Burning the midnight oil for Chinatown Detective Agency game

Mark Fillion is the creative director and game designer for indie game developer General Interactive Co., which is working on a puzzle adventure game called Chinatown Detective Agency.
Mark Fillion is the creative director and game designer for indie game developer General Interactive Co., which is working on a puzzle adventure game called Chinatown Detective Agency.ST PHOTO: TREVOR TAN

Imagine working a day job and leaving the office every evening to even more work - in this case, developing a full-fledged video game.

That is what Singapore-based Filipino Mark Fillon has been doing.

The 33-year-old works in a local advertising agency in Chinatown, making television commercials and radio advertisements.

He is also the creative director and game designer for Singapore-registered indie game developer General Interactive Co. (GI), which is working on a puzzle adventure game called Chinatown Detective Agency (CDA).

The game, which has been in development since late 2017, is about a private investigator who has set up shop in Chinatown in a futuristic dystopian cyberpunk Singapore.

"So I will do my nine-to-five (job). After that, I will go home and spend three or four hours with my daughter before I put her to bed. And then I will sacrifice some sleep and work all the way to the wee hours of the morning on the game," says Mr Fillon, who has been working in Singapore for close to five years.

His wife Maria, also a Filipino, works here as a clinic manager. They have a three-year-old daughter.

He says his weekends are completely dedicated to the development of CDA.

Working with him at GI are two other key people - lead programmer Jenny Hide, who is based in Britain, and art director Ricardo Juchem, who lives in Brazil.



Chinatown Detective Agency is about a private investigator who has set up shop in Chinatown in a futuristic dystopian cyberpunk Singapore. PHOTO: GENERAL INTERACTIVE CO

"I have been working with Jenny for almost four years, but I have never met her in person. And this is our second game together," Mr Fillon says.

They do video calls and communicate using Google Hangouts.

The first game they worked on, Terroir, is a wine-making tycoon game released by GI in 2017. Mr Fillon came to know Ms Hide in an online community focused on a game engine called Unity.

As for Mr Juchem, Mr Fillon first connected with him via Twitter, having been impressed with his pixel artwork. "I kind of sweet-talked (Mr Juchem) into doing the artwork for this game," he says.

Mr Juchem, who does all the artwork for CDA, has never visited Singapore until October last year.

 

Also working on the game is an animator and music composers who are based in other countries, such as Belarus and Canada.

Mr Fillon says the good thing about this game's development is that it is not consistent in terms of its work demands, as there are lull periods he cannot do anything when there is no artwork.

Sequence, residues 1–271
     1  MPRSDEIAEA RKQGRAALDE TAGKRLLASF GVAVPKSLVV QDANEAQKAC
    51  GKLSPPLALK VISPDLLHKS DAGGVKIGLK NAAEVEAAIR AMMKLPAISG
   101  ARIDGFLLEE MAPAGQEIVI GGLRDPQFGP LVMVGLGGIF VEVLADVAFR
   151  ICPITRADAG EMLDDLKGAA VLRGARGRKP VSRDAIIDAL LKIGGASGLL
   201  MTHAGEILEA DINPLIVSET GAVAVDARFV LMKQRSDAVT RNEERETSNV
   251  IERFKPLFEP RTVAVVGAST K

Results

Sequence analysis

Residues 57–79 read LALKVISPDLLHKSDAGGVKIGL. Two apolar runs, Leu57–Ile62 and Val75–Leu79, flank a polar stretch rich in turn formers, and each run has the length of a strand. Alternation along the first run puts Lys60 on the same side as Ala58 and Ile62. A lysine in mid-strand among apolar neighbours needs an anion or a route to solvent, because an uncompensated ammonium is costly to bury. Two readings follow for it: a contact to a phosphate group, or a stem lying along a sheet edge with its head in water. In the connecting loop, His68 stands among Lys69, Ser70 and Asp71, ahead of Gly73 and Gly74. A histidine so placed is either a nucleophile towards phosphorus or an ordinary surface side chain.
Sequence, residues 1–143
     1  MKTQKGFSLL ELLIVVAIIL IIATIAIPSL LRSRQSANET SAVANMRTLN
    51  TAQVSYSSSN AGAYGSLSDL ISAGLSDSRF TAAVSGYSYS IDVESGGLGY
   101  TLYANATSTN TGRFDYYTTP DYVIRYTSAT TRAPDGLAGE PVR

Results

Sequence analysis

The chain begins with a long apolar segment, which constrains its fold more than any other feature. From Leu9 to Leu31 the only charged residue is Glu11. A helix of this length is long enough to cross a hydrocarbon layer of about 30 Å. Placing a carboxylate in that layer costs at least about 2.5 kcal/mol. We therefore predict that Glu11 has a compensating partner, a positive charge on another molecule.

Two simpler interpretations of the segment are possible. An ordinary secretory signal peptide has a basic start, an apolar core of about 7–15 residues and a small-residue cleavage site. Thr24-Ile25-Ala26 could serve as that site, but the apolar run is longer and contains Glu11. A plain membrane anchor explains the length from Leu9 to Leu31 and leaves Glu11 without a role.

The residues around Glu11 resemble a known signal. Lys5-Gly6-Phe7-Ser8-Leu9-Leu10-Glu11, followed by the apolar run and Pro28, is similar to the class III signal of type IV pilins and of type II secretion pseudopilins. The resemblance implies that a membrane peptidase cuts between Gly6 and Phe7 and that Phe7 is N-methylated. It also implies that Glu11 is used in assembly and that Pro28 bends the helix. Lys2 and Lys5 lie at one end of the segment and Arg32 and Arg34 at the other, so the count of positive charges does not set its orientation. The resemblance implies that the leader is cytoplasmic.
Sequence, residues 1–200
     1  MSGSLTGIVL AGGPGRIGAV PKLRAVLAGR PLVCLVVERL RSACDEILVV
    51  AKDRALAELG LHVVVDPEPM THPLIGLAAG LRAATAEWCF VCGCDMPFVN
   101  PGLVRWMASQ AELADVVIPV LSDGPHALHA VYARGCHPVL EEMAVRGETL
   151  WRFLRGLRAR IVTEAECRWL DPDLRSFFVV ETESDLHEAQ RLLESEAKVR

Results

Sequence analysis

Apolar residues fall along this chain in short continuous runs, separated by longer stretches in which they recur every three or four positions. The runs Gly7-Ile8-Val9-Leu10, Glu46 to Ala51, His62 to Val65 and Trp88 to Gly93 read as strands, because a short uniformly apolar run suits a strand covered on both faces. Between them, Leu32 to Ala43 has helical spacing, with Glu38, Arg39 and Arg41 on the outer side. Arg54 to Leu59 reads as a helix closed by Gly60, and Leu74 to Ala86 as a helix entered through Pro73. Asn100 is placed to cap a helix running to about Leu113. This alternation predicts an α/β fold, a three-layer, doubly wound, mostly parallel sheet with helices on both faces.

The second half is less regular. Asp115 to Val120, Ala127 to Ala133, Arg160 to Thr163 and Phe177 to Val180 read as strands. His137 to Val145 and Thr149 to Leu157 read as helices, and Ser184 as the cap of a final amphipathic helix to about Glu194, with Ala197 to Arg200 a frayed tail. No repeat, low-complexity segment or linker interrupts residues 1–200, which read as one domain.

On why he decided to set the game in Singapore's Chinatown, he says: "In my mind, Singapore would make an amazing setting for a cyberpunk story because it is futuristic and the Government is doing a great job in running the country."

With the CDA's main premise being the world's governments having collapsed, Mr Fillon wonders what will happen to a country like Singapore if the people are left to their own devices.

He says the biggest challenge in developing CDA is the writing. "Writing and capturing that unique Singaporean style of speaking and expression is challenging to a foreigner, but I wouldn't do it any other way," he says.

He has been bugging his colleagues to teach him to speak Singlish and the nuances of everyday speech here. For CDA, he hired Singaporean voice actors for the dialogue of the game's main characters.

On whether the use of Singlish will turn off international audiences, Mr Fillon does not think so.

"When we show (US and European audiences) the game, a lot of them were intrigued by the way people speak, the locations and the food in the game," he says.

Mr Fillon says doing research and learning about Singapore is the most enjoyable part of making this game. "Looking through the archives and reading old newspapers to get an idea of the mood and the zeitgeist of the nation through the years is truly enjoyable."

CDA has so far been self-funded. The profit made from GI's first game has gone into the development of CDA, while Mr Fillon has also chipped in with his own money.

However, there will be a Kickstarter crowd-funding campaign to raise money for CDA later this month with a target of US$40,000 (S$55,700).

"A lot of indie games will ask for more... around US$80,000 to US$100,000. But we really need only US$40,000," Mr Fillon says. The money will be used to pay for "licensing, sound effects, music composition and event expenses".

The CDA Kickstarter campaign is scheduled to run from March 26 to April 27. The game is expected to launch on the Steam PC store at the end of this year.